I thought about how terrible my dad’s life was. He grew up in Joplin, Missouri during The Great Depression. He suffered a lot of physical abuse when he was young and began drinking at an early age. He had some great jobs but lost all of them because of his drinking problem. His daughter rarely spoke to him. His drinking and obnoxious behavior drove a huge rift between him and everyone around him.
As I imagined how traumatic and tragic his life was, I was better able to understand how he became an alcoholic.
I learned that true, long-lasting forgiveness involves a form of deep empathy — understanding why someone did bad things. It doesn’t mean you agree with why someone did something bad or justify the bad behavior — it just means you can understand why they did certain things.
When I imagined how it would feel to experience some of the trauma my dad went thru, I understood why he saw the world as a dark place, always felt less than, and became an alcoholic. Feeling this deeper sense of empathy increased my capacity for forgiveness.
Another thing that helped further increase my overall capacity for forgiveness was the realization that all of us have done bad things in our lives, but we deserve forgiveness.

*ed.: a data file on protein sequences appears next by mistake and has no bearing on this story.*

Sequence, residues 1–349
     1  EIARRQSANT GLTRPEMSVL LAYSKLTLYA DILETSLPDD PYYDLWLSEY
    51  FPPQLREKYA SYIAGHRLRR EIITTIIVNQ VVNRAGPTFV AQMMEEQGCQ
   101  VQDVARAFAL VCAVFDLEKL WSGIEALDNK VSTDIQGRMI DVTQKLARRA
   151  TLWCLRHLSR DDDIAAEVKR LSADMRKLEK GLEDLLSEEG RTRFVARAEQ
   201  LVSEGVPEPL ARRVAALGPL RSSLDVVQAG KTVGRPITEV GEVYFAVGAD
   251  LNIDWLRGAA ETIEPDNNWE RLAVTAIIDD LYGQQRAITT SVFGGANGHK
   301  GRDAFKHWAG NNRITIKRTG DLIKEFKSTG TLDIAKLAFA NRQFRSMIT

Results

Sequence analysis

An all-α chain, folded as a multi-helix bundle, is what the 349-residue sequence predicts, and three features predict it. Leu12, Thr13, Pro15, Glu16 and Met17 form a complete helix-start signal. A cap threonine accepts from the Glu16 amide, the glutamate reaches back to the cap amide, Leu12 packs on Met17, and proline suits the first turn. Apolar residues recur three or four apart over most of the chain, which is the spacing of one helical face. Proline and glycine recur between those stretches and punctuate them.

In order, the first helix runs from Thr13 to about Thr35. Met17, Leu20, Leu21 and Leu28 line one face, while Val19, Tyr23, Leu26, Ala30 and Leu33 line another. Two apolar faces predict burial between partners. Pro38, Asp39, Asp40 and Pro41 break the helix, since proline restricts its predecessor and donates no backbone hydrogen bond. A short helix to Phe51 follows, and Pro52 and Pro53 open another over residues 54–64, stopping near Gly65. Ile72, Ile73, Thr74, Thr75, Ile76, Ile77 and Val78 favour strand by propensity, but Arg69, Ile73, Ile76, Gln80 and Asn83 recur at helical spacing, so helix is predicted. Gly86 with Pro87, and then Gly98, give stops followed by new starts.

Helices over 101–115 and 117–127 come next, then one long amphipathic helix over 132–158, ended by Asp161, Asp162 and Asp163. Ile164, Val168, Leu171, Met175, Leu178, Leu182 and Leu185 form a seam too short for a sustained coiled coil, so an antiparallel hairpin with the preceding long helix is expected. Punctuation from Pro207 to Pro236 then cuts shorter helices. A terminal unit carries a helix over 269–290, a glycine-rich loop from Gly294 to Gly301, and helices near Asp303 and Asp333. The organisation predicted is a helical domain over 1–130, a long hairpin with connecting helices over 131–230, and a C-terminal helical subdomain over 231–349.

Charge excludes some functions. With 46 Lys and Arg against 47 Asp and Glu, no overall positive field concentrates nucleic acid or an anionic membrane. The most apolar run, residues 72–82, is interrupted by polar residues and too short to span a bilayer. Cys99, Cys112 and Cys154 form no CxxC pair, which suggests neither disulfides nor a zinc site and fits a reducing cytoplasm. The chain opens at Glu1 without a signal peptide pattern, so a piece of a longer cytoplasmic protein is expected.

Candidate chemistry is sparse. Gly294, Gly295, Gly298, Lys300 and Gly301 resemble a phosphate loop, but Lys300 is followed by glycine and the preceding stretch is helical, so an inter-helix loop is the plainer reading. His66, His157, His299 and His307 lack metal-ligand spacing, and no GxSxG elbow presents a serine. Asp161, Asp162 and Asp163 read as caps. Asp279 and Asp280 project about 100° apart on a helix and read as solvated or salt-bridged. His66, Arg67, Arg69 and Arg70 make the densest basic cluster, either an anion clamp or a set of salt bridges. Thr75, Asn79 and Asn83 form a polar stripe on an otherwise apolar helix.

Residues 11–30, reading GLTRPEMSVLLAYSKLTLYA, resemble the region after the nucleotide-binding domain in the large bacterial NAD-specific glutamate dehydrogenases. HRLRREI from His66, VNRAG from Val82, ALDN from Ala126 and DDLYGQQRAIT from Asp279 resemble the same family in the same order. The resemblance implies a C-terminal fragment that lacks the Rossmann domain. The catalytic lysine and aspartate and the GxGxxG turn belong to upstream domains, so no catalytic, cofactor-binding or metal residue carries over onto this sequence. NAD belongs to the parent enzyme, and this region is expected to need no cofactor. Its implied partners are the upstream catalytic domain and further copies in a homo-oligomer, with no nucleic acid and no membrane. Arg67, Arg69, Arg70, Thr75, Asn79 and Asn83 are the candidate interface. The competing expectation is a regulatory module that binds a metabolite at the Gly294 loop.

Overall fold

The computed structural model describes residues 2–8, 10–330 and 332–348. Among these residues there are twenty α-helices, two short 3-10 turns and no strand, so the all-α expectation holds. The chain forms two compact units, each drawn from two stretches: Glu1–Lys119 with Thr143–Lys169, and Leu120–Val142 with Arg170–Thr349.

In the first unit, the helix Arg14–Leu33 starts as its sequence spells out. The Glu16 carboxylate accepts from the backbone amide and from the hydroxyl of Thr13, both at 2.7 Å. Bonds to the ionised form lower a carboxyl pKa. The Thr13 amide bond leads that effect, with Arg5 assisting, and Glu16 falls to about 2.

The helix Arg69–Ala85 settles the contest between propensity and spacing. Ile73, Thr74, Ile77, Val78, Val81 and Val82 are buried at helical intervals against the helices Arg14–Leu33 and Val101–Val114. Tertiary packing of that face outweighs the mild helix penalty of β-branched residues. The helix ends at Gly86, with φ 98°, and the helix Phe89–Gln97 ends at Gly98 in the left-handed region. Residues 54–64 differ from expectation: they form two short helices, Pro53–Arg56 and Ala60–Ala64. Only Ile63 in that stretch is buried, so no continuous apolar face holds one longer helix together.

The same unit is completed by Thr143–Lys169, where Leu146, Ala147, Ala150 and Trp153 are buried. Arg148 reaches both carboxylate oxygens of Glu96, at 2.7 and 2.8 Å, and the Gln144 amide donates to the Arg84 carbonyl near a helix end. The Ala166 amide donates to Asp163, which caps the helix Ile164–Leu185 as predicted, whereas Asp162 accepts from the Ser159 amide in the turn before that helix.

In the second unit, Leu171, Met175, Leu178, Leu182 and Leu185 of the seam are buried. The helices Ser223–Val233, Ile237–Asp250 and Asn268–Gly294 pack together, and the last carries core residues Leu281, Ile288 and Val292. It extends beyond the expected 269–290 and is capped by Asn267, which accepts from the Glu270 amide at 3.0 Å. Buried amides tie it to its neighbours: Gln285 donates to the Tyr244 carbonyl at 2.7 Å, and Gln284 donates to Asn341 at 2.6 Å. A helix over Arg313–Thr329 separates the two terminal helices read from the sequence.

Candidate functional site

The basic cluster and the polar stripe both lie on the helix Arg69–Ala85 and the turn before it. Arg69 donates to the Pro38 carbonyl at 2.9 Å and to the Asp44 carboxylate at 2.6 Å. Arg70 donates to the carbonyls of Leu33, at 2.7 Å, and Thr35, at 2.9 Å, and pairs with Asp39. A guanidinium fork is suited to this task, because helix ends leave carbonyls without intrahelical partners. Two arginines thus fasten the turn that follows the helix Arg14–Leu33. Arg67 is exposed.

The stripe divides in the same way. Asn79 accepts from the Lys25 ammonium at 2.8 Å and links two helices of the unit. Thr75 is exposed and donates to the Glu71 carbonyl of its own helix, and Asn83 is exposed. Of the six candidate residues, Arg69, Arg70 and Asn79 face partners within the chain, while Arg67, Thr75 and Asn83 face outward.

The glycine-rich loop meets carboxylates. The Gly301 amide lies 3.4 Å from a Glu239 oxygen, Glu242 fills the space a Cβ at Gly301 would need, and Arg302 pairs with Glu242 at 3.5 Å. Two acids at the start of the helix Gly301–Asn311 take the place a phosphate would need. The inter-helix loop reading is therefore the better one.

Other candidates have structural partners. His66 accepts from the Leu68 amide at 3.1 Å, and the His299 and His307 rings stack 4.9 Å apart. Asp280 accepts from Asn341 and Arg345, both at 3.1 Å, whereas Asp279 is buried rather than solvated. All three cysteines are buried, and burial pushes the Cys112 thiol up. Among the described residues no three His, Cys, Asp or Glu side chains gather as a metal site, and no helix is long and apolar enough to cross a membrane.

Desmond Tutu once said:
Forgiveness is simply about understanding that every one of us is both inherently good and inherently flawed.
Realizing that all of us have done bad things, but deserve to be forgiven, helped me remember more of the good things he did. I remembered the times he went to my school plays, taught me how to varnish a table, took me on road trips, and told me he loved me.
I also realized he tried to love me as best as he could, but oftentimes fell short because of the unresolved trauma he experienced in his life. This helped me focus on the more positive qualities he had and remember the good times we shared.
Developing this deeper sense of empathy and seeing my dad in a positive light not only increased my capacity for forgiveness — it also increased my capacity for love.
Why Forgiveness is So Important
“As I walked out the door toward the gate that would lead to my freedom, I knew if I didn’t leave my bitterness and hatred behind, I’d still be in prison.” — Nelson Mandela
Not forgiving people for what they did makes us feel a lot of anger and hostility, which can cause a lot of mental, emotional, and physical problems.